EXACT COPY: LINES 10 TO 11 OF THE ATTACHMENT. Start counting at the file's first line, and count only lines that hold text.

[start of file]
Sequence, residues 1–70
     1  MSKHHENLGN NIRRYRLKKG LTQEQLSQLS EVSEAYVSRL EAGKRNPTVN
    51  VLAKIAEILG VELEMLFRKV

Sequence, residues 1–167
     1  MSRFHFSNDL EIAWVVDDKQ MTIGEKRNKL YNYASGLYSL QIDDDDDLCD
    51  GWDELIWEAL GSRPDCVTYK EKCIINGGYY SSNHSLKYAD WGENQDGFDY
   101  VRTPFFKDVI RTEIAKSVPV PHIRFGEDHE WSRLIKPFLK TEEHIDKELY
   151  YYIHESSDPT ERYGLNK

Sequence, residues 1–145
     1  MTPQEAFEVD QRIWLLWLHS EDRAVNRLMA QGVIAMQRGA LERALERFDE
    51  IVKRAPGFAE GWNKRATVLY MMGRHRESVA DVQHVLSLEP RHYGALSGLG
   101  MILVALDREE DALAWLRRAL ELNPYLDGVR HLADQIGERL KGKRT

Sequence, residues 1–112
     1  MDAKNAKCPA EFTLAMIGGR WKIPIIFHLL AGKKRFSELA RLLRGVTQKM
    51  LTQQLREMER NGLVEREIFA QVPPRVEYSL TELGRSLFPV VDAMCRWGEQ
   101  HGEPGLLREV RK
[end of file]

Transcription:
     1  MTPQEAFEVD QRIWLLWLHS EDRAVNRLMA QGVIAMQRGA LERALERFDE
    51  IVKRAPGFAE GWNKRATVLY MMGRHRESVA DVQHVLSLEP RHYGALSGLG